• David Carlson

493 Jesus’ Sermon on the Mount is not about preserving the status quo!


Day 493 Thursday, July 22nd 2021

Jesus’ Sermon on the Mount is not about preserving the status quo! It’s about living here on earth as if the Reign of God has already begun (see Luke 17:21).


Announcement about our Emmaus Liturgy this Sunday:

Our Emmaus liturgy this Sunday will celebrate the Feast of Saint Mary of Magdala (which is today, July 22nd !).

Mary Magdalene was a woman barely mentioned a dozen times or so in scripture, but yet, it is she who becomes known as “The Apostle to the Apostles.”


How did that transition happen?


This Sunday, we will hear readings that will help us trace her journey.


Come, with your memories of this immensely significant women in the life of Jesus, and all of us.


Bring your hopes for how best to bring her courageous and faithful presence into our world today.


The Beatitudes are the lifeblood and beating heart of our faith. We offer these Beatitudes we have used at Emmaus. They present a somewhat new interpretation, but we believe the essence is unchanged.




We stand with You, the humble in spirit: for your open hearts will be rewarded with radical kinship.


We stand with You humble ones: for you shall learn to laugh, tell stories and listen with open hearts. You will create a joyful disturbance within all of us so that we seek to become meek like you.


We stand with You when your hearts break and when you mourn: for you will find comfort with your sisters and brothers and communities wherever there is hope. We will comfort you.


We stand with You migrants, those who flee drug cartels, gang violence, war and persecution.



We stand with You Women - especially you who have been intimidated, sold into slavery, told to be quiet, to get into the kitchen - excluded from so many conversations. Your hunger and thirst for justice and will make a new world in which all of us share equally in preparing the banquet of peace.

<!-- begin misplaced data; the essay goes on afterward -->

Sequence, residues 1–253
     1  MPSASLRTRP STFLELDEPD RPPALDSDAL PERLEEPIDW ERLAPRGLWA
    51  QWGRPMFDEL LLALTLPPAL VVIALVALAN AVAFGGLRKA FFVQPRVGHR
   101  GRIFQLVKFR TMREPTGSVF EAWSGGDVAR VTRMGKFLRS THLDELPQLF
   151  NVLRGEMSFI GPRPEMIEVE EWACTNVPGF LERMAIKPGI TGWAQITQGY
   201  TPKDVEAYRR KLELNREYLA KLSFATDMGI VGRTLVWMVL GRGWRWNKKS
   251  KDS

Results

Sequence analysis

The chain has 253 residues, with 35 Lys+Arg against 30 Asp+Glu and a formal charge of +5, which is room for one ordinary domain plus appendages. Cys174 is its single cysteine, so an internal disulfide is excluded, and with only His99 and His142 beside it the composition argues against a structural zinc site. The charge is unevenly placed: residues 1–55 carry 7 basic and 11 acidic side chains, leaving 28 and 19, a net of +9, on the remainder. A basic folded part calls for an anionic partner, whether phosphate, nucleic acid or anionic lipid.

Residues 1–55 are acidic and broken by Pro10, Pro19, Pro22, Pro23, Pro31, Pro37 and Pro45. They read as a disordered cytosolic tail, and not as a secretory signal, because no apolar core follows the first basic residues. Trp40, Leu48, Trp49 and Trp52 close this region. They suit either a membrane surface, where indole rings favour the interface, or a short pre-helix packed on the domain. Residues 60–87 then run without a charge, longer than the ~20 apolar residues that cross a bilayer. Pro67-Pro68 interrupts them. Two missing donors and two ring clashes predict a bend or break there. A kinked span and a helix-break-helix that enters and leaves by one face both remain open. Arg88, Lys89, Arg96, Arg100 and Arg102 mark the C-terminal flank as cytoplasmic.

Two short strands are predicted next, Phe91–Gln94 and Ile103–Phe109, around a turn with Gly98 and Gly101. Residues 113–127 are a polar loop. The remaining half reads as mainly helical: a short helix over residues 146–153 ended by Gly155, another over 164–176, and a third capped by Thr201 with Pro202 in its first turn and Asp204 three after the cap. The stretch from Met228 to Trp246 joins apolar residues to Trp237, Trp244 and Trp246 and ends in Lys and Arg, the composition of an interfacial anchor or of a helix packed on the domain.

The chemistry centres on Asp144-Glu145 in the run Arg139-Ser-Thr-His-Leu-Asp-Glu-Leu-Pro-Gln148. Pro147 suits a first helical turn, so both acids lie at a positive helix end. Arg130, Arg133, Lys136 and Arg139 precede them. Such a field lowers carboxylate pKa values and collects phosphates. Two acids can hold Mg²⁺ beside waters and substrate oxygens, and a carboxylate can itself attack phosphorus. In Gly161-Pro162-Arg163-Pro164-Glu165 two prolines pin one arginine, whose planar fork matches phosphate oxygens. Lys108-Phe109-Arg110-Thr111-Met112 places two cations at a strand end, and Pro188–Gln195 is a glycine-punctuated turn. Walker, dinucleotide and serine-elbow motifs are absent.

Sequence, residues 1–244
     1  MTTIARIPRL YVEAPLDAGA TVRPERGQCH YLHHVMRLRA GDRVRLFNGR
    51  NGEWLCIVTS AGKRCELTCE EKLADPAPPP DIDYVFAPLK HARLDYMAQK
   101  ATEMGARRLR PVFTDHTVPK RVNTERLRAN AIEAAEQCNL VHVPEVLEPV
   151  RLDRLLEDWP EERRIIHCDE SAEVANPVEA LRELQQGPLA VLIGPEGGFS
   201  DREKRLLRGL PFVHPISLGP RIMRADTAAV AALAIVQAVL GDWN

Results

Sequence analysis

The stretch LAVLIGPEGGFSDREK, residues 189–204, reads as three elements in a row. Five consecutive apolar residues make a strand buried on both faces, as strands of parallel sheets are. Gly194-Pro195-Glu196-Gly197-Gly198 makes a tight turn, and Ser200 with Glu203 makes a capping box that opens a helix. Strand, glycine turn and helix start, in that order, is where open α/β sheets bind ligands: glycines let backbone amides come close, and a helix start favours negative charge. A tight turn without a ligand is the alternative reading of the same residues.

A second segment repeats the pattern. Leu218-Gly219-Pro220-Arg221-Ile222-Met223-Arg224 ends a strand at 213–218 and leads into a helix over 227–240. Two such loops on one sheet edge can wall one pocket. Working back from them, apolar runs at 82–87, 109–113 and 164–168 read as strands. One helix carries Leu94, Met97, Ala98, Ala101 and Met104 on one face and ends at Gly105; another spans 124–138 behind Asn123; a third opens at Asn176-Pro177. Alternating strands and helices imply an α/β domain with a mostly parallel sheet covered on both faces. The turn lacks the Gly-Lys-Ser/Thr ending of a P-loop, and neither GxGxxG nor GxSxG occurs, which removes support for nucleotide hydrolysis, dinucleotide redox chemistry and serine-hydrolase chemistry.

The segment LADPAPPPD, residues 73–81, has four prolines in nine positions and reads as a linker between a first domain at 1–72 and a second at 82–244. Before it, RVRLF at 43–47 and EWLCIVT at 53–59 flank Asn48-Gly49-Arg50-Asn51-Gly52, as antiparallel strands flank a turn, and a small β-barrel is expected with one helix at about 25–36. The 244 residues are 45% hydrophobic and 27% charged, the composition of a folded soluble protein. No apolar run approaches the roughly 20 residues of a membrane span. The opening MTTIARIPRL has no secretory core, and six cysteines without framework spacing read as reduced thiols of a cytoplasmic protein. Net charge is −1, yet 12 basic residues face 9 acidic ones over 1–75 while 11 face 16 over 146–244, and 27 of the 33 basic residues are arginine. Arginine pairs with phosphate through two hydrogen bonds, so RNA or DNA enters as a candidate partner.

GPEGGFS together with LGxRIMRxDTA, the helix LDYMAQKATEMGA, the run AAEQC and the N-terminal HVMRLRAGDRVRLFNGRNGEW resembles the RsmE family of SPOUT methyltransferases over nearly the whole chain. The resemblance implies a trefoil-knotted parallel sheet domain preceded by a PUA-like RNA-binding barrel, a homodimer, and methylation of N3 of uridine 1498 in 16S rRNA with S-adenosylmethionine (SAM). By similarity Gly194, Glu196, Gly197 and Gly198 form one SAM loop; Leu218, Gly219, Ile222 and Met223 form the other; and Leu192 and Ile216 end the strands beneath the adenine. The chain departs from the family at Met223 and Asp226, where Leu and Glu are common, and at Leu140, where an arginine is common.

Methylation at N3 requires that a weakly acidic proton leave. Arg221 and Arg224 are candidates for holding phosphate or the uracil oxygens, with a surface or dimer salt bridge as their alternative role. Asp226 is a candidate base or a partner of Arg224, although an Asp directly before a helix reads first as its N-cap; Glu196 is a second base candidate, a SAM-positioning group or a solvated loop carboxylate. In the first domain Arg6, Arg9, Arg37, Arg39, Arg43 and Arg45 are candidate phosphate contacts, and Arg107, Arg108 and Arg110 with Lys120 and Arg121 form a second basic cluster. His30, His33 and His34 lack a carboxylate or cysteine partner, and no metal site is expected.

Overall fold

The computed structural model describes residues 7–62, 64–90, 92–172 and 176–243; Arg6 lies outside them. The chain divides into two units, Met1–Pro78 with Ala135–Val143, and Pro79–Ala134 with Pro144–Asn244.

We stand with You who suffer for your very identities: gay men, lesbian women, transgender people, queer people, bisexual people, people of color who suffer persecution on a daily basis but who never lose hope. Yours is the kindom of heaven.


We stand with You who show loving mercy: for you shall obtain mercy and empower us to be non-violent and merciful.


We stand with You who listen to your conscience: for you will challenge the status quo and bring new perceptions to light. You recognize the divine in each person.


We stand with You peacemakers and those who teach non-violence in our prisons and in our world. We call you children of God.


We stand with all who will transform our world by accompanying the poor.


Daily Reflection by Richard Rohr:


I am told that the Sermon on the Mount—the essence of Jesus’ teaching—is the least quoted Scripture in official Catholic Church documents. We must be honest and admit that most of Christianity has focused very little on what Jesus himself taught and spent most of his time doing: healing people, doing acts of justice and inclusion, embodying compassionate and nonviolent ways of living.


I’m grateful that my spiritual father, St. Francis of Assisi, took the Sermon on the Mount seriously and spent his life trying to imitate Jesus. Likewise, Francis’ followers, especially in the beginning, tried to imitate Francis.



Like the Quakers, Shakers, Amish, Mennonites, and the Catholic Worker Movement, Franciscanism offers a simple return to the Gospel as an alternative lifestyle more than an orthodox belief system.


The Sermon on the Mount was not just words for these groups! They focused on including the outsider, preferring the bottom to the top, a commitment to nonviolence, and choosing social poverty and divine union over any private perfection or sense of moral superiority.


At the end of the Sermon on the Mount, Jesus gives us this short but effective image so we will know that we are to act on his words and live the teachings, instead of only believing things about God:



Everyone who listens to these words of mine and acts on them will be like a wise person who built a house on rock. The rain fell, the floods came, and the winds blew and buffeted the house. But it did not collapse; it had been set solidly on rock.